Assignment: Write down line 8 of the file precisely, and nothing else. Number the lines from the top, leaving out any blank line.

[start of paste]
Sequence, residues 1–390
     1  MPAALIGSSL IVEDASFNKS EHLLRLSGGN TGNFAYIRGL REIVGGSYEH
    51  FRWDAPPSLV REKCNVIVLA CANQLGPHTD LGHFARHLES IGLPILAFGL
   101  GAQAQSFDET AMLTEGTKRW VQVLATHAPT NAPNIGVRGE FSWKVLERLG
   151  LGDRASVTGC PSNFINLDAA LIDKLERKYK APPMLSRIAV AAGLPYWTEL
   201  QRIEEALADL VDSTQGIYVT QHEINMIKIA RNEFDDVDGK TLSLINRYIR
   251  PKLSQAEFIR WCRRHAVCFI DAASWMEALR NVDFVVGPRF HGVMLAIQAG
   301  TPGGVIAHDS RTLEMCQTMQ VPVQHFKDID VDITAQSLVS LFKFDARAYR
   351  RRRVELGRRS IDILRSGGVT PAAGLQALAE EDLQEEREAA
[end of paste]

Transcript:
   301  TPGGVIAHDS RTLEMCQTMQ VPVQHFKDID VDITAQSLVS LFKFDARAYR